Ridley Scott’s Prometheus has quickly become the most talked-about film of the Summer. It’s big, beautiful and asks some of the most basic human questions. But whether the film asks those questions well, and how satisfying the answers have been, has already ignited fierce debate.
Though I already reacted to the film here (spoiler: I loved it, flaws and all), and there’re tons of other great reviews out there, I wanted to highlight the film’s religious discussion. While its messages are (intentionally, I think) opaque, there’s plenty to talk about:
1. All Religions are (Basically) the Same
Prometheus certainly didn’t invent this idea; plenty of serious religion scholars have argued for Essentialism – that differences among religious traditions are cosmetic. And plenty other science fiction stories have imagined the essential religious core is of alien origin. (Chariots of the Gods, Stargate, Arthur C. Clarke, etc.)
In Prometheus, all “primitive” human religions – Sumarian, Mayan, Egyptian, Hawaiian, etc – were all visited by the Engineers. In fact, though it’s not in the film, according to Ridley Scott, even Jesus was an Engineer.
Essentialism is a compelling concept, and I wish it were true.
Then Muslims, Christians, various tribal groups, Hindus and everyone else could all get together and work through our cosmetic, cultural differences to find that we’re all one, big happy family, all ultimately worshipping the same deity.
But take any two religions seriously and learn quickly how different they are. The differences in how various religions construct meaning and make sense out of the world go far beyond the surface.
Essentialist claims like those made in Prometheus reflect a shallow, uncritical knowledge of how Religion works and of the various cultures and faiths assumed to be alike.
Essentialist claims nearly always reveal subtle racism and cultural elitism: All those primitive brown religions are basically the same, unenlightened superstition. Contemporary Atheists make similar claims concerning religion in general.
2. To be Human is to Resist Death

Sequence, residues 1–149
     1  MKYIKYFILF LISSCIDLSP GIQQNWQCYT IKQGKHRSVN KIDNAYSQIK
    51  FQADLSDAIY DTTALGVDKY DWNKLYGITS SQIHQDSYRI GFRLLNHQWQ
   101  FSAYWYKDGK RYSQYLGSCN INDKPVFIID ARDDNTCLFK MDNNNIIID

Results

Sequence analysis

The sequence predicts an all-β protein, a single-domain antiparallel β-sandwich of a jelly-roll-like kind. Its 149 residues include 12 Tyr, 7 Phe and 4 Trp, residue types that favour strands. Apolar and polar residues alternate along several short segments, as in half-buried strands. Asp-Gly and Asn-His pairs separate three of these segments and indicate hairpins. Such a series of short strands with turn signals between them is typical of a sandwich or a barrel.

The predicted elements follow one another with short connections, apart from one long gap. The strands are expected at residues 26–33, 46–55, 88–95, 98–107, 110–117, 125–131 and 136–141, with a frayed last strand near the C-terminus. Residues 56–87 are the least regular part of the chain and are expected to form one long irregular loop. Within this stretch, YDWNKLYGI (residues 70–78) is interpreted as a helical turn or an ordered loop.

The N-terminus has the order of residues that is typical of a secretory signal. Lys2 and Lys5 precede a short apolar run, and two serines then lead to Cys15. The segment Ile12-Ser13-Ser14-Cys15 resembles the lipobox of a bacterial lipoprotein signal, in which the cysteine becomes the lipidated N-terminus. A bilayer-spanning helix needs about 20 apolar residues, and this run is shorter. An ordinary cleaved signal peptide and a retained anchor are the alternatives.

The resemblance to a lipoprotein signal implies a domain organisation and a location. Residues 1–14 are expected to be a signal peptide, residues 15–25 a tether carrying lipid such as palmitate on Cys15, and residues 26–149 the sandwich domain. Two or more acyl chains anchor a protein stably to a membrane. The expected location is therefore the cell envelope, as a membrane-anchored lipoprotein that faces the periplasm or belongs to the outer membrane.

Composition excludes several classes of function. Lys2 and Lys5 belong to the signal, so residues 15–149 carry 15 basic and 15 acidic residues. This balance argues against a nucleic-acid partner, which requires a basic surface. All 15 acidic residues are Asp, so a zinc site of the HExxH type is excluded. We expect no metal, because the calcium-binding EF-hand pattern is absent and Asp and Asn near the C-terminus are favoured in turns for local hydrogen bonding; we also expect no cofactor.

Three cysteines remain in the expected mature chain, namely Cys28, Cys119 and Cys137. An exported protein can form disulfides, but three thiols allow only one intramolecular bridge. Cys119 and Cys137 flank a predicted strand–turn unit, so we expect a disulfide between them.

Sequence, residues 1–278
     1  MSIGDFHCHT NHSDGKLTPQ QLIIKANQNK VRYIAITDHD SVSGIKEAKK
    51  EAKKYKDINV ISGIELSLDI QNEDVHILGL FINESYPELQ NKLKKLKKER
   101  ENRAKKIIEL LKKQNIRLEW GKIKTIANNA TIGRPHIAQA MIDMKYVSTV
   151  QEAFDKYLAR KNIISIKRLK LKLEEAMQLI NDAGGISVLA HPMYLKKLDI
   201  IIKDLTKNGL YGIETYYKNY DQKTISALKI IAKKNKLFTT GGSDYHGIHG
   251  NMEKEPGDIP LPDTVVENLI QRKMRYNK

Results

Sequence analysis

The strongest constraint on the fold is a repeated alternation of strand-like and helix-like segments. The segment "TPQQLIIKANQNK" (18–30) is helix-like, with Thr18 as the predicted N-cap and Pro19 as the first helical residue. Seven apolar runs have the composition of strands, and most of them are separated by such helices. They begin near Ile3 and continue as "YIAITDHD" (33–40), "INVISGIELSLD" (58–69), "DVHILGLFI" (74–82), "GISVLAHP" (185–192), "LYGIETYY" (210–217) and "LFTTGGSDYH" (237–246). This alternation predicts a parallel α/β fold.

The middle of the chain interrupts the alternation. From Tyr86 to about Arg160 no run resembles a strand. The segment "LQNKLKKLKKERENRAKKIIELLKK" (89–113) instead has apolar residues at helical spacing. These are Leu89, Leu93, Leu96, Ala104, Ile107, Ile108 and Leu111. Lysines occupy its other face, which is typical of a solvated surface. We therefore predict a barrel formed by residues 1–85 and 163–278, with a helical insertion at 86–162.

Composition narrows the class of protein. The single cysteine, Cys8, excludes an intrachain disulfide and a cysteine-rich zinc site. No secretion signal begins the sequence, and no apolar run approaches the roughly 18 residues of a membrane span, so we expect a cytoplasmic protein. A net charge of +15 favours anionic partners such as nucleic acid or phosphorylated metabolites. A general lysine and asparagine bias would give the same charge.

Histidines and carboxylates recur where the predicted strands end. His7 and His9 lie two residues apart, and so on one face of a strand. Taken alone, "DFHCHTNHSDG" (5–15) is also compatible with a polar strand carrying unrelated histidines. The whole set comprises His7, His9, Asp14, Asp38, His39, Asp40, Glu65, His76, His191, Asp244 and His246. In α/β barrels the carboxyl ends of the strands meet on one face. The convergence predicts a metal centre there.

Human culture progresses as parents have children, grow old and die, to be replaced by their children. Death is possibly the great human universal. As Vickers warns Weyland:
A king has his reign. Then he dies. It’s inevitable. That is the natural order of things.
As I noted in my first review, Prometheus features two groups of people seeking answers to these basic human questions. While their motivations look different, they’re all motivated by the reality of Death.
When Vickers confronts Weyland concerning his presence on the mission, he responds:
If [the Engineers] made us then surely they can save us. Save me, anyway… From Death, of course.
Shaw, too, has spent her life plumbing the mysteries of Death. Both of Shaw’s parents died when Shaw was still young, and Shaw remains a strong Christian as well as an accomplished archaeologist.
Shaw’s religion drives her scientific endeavors. She is convinced her scientific tools can help her answer her religious questions about Death.
Because Death is the one human universal, every person regardless of temperament must face at some point the inevitability of Death. Religions offer cultures systematic, social means to grieve and hope.
3. The Drive to Create is the Desire to Supplant our Maker(s)
The Engineers created humanity (and allegedly lots of other races) in their own image – we’re just smaller and less translucent. And we – in the person of Peter Weyland – have created in our own image via David.
To create is to chase immortality.
Whether it’s art or technology or children, when we create we pass part of ourselves down to future generations. Creative activity opposes the reality of death. But Prometheus says there’s more to our desire to create:
Late in the film, Shaw asks David what’s going to happen to him after Weyland dies, after he’s not around to program and command David. David replies:
I suppose I’d be free. Doesn’t everyone want to see their parents dead?
This is the claim many atheists make: that humanity has outgrown belief in gods, that religious ritual and rules are outdated programming humanity doesn’t need anymore. If we’re to move forward as a race, it’s time to put aside old superstitions and grow up.
The idea that human scientific advancement can replace religion is an essential component of the Modernist Myth of Progress. And it’s really nothing more than the first sin of Pride in a new form. We can be our own gods. We can save ourselves. Same story, different day.